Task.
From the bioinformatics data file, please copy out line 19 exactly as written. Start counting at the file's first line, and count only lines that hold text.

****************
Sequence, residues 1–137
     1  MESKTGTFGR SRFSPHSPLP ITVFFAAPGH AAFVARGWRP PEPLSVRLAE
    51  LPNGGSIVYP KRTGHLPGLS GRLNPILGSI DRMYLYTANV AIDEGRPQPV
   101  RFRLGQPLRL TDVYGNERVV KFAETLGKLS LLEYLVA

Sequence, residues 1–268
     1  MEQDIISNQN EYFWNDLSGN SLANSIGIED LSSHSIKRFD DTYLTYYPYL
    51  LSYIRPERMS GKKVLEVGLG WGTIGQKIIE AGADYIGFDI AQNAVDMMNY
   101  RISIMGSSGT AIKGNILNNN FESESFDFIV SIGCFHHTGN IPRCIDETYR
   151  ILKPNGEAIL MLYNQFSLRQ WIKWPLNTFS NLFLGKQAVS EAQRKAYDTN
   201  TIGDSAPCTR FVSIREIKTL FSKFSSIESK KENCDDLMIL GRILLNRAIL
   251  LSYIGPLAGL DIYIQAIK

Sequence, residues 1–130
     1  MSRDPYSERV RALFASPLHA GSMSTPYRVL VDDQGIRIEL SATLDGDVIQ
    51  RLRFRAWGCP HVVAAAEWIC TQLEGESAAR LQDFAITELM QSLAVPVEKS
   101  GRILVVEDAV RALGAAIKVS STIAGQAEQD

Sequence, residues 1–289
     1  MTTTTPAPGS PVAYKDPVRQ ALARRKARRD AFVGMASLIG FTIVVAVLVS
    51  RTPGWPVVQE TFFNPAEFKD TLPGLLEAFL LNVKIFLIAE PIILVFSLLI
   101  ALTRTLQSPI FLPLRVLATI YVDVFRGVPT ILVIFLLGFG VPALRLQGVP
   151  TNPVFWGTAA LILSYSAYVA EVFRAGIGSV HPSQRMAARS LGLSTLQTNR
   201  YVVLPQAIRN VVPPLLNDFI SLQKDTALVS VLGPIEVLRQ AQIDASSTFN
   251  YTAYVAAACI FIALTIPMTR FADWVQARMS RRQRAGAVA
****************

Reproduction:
   101  ALTRTLQSPI FLPLRVLATI YVDVFRGVPT ILVIFLLGFG VPALRLQGVP